The look of Hunting Island may have changed a bit with last year’s hurricane, but a shore is apparently a shore to a nesting turtle.
The loggerheads that have made the island their birthing destination for years have once again found the beach suitable to their needs. Like locals and tourists in the midst of a once uncertain future at the beach, they have returned in droves.
The only effect Hurricane Matthew may have had on the turtles is where they have decided to nest this year. The beach is divided into six zones starting from the north beach and lighthouse area down to the south beach and Fripp Inlet.
For returning turtles, Zone 2, normally not a popular location because of the former campground located there, is this year’s hotspot. It could be that the lack of campers makes it more appealing.
At the midway point of their nesting season, female loggerheads have created 92 nests. Friends of Hunting Island President Denise Parsick, whose group oversees turtle conservation operations, describes that as a “strong number,” especially in light of years when it was less than half of that for a whole season.
“What we’re hoping we’re seeing, except for anomalies, is that conservation practices have worked,” said Parsick.
The group began earnest efforts to protect the turtles in the late 1980s and have learned a thing or two along the way.
Parsick points to the move from flat screens to cages to protect the nests as just one of many improvements aimed at keeping raccoons, ghost crabs and other wildlife away from the eggs. The group also hopes that, since loggerheads reach maturity and start having babies between 20-30 years of age, many of the hatchlings from the first years of the conservation effort are coming back to Hunting Island to start their own families.
While Parsick says that seeing baby turtle tracks in the tide line is an “awesome sight,” tracks of a different nature were also discovered for the first time this year.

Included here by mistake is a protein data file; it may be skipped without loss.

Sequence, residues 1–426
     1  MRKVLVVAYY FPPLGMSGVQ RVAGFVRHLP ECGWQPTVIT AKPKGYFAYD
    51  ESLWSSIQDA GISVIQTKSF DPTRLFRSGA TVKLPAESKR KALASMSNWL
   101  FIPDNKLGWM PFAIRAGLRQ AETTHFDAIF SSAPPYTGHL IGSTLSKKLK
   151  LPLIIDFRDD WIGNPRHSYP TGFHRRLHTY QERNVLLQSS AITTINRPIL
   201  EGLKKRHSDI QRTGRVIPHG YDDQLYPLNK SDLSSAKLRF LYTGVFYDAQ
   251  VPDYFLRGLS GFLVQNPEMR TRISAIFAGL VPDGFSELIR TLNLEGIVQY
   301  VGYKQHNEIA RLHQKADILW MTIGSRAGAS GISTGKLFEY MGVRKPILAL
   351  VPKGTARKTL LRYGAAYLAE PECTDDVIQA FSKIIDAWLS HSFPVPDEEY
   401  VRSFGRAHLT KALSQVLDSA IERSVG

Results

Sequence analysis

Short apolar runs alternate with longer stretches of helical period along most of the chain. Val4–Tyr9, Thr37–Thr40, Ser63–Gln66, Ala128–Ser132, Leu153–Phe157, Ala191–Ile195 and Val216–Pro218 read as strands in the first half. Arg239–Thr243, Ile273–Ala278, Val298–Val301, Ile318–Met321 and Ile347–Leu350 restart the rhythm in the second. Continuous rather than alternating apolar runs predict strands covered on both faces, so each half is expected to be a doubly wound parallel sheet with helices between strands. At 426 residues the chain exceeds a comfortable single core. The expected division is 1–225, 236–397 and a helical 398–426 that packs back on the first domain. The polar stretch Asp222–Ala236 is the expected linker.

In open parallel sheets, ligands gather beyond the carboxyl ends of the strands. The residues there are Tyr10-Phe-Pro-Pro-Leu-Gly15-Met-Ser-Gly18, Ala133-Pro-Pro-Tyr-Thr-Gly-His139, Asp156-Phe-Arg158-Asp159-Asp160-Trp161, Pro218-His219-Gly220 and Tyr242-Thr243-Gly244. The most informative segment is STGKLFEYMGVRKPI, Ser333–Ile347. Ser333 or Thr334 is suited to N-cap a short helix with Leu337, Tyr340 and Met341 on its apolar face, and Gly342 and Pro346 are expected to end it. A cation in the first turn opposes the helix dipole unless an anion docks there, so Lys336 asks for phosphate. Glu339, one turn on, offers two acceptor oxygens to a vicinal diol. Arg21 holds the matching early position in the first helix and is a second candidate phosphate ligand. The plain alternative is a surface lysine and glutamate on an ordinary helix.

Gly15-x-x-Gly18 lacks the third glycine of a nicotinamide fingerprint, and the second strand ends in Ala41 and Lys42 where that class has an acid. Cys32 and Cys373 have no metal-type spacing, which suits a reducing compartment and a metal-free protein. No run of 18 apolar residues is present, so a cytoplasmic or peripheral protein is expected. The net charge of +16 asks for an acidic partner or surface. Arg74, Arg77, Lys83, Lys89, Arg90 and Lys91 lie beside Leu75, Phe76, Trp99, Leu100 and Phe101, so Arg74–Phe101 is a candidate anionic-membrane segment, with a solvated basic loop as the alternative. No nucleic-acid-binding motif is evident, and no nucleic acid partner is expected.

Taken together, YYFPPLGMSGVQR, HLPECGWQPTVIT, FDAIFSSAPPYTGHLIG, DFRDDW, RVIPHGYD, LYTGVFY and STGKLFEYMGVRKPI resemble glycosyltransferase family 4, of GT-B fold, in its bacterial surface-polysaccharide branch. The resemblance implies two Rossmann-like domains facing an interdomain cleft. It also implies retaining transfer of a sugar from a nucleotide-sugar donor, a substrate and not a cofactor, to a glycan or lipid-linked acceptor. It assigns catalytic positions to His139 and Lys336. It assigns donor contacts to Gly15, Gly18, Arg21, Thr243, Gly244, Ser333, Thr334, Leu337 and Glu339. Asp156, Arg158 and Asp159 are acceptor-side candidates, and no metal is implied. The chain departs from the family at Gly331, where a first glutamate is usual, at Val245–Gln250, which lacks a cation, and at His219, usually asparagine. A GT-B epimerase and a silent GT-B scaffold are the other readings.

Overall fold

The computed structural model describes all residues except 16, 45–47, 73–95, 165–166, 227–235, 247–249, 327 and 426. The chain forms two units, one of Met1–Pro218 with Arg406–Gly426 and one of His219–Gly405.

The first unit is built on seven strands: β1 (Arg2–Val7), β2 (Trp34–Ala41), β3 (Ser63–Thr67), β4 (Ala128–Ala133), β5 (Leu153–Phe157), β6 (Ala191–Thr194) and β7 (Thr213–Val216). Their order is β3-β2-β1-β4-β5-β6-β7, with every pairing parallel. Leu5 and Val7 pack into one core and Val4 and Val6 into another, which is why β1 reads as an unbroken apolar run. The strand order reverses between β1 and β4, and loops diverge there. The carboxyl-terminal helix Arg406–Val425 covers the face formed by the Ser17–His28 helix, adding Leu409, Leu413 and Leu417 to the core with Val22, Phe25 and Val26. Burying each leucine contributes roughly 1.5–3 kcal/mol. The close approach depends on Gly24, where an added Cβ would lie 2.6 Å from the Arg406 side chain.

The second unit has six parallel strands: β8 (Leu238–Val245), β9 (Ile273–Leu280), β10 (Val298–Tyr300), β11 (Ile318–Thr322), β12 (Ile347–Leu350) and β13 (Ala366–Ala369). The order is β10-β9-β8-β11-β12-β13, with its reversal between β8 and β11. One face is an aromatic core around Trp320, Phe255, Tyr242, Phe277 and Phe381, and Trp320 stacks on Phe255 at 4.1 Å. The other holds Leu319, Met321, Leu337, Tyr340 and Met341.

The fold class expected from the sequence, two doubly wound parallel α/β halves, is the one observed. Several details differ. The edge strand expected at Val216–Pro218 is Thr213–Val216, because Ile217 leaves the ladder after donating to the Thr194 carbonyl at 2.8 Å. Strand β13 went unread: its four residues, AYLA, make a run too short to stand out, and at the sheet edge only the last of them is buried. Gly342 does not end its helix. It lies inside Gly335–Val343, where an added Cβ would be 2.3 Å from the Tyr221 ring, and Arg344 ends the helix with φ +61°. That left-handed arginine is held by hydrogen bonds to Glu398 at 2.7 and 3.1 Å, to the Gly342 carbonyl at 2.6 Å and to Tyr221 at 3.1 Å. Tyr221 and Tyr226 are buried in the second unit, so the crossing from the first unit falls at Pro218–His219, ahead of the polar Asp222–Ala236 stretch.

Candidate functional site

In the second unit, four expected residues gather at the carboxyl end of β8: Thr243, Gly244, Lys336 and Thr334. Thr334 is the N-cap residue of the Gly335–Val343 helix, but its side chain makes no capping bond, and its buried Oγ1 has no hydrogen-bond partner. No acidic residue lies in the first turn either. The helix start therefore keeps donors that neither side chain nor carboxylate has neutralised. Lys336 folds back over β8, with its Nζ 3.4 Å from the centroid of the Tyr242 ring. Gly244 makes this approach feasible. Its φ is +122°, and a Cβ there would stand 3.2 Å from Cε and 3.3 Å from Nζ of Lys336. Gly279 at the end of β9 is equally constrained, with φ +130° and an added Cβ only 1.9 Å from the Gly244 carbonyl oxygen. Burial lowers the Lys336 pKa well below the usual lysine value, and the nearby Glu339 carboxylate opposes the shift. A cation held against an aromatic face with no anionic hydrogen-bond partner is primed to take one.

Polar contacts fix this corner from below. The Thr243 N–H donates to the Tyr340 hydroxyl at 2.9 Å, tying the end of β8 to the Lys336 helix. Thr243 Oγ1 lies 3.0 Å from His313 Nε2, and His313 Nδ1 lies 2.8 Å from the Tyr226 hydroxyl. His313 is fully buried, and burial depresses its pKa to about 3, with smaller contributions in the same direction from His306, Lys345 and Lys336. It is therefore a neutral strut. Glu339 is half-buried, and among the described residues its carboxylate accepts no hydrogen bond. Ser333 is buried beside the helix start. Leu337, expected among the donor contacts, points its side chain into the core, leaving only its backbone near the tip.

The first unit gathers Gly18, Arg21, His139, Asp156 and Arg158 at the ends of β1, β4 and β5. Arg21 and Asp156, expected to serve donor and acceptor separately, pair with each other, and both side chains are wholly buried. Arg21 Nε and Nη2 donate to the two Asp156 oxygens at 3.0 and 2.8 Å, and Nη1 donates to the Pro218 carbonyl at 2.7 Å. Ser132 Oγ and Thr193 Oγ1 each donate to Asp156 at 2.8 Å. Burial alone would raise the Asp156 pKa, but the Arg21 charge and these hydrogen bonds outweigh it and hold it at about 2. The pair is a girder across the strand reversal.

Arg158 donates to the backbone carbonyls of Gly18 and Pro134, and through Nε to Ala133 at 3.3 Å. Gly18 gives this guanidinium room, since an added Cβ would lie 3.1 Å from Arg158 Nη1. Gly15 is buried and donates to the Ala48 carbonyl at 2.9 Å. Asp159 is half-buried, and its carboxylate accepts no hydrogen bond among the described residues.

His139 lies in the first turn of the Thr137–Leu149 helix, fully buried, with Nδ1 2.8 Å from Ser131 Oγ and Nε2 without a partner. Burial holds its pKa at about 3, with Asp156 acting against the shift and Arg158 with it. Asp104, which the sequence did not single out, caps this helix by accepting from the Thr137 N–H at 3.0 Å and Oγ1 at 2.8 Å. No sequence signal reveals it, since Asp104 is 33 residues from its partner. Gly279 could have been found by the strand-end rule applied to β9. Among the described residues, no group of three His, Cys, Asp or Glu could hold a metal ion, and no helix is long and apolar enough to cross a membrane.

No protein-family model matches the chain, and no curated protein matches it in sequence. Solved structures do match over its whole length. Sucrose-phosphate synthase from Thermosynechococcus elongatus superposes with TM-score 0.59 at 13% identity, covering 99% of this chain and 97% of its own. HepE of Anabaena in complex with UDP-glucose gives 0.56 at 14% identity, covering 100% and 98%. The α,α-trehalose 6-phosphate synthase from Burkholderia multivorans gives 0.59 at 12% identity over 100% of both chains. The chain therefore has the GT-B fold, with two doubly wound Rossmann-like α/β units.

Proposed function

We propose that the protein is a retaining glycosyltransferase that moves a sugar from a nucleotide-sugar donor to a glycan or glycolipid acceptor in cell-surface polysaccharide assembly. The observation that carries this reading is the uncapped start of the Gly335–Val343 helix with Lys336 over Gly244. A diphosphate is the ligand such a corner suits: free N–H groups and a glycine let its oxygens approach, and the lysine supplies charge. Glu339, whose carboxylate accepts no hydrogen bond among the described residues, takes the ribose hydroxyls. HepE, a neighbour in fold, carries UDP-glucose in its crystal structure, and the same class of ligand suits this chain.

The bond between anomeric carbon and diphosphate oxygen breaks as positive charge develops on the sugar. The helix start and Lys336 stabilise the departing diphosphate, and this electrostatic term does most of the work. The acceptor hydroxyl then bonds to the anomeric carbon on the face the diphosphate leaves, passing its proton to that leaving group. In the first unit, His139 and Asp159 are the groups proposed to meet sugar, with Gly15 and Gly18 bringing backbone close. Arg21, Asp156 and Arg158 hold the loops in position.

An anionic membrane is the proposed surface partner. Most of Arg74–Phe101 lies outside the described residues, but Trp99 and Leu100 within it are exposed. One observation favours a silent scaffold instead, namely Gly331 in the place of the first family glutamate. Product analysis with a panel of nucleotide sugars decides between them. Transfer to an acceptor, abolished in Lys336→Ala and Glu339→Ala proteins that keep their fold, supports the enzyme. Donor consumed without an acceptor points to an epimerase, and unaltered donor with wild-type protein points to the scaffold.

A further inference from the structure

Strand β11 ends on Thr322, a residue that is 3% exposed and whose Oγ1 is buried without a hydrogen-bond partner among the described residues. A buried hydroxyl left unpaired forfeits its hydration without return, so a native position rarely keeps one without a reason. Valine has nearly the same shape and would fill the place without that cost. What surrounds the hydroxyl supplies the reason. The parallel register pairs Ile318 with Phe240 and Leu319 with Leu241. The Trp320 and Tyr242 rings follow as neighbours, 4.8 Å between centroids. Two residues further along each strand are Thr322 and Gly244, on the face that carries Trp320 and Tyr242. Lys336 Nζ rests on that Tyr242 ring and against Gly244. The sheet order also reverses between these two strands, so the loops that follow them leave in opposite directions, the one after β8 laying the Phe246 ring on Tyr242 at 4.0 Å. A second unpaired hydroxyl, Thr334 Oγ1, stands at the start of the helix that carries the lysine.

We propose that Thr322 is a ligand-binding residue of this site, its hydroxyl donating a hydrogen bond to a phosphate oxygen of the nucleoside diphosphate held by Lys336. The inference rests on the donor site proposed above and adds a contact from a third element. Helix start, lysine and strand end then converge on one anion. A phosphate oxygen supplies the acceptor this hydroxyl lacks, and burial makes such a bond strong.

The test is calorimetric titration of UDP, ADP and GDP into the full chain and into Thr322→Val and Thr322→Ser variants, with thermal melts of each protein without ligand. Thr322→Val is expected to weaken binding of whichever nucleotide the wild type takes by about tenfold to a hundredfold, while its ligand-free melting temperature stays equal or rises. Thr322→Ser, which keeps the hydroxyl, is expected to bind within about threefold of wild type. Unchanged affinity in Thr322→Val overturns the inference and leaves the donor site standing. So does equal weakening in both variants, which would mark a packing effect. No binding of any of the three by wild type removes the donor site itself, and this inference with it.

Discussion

While leatherback turtles have been spotted sporadically along South Carolina’s coast, the slightly smaller green turtle had rarely ventured much farther than Florida — until now. Green turtle tracks — distinguished by their symmetric crawl marks — were photographed on Hunting Island this year for the first time in memory. That either means our warm sand is just as inviting as Florida’s or they get a better hospitality rate.
The tracks were identified by conservation coordinator Buddy Lawrence, but a DNA sample should confirm the sighting in just a few weeks. In fact, DNA samples from all of the nesting sites, which the turtle volunteers help gather and submit every year, help inventory the hatched and unhatched eggs.
While the group’s work is a real contribution to science and nature, it’s not the only benefit to being a member of the Friends of Hunting Island’s turtle patrol.
A select number of volunteers also gets a chance to spend a night in the park to observe the proceedings. After all, the park is closed to the public at night, and that’s when the action takes place. Most volunteers spend their time in the waiting room of the maternity ward. This year, 20 over-nighters spotted two turtles on the shore. The over-nighters used infrared light to see the animals. It’s not something any of them will likely forget.
The loggerheads didn’t forget their way to Hunting Island. Maybe the lone green turtle is a sign of more to come.
What began over 30 years ago for Parsick as an “inexpensive vacation” for her family has turned into a devotion to ensuring the future of an endangered species right here on our coast. It remains a summer tradition for Parsick and many others here like her.
“Disney World, don’t look for us,” she said. “Our place is here.”
Ryan Copeland is a Beaufort native. He can be reached at firstname.lastname@example.org.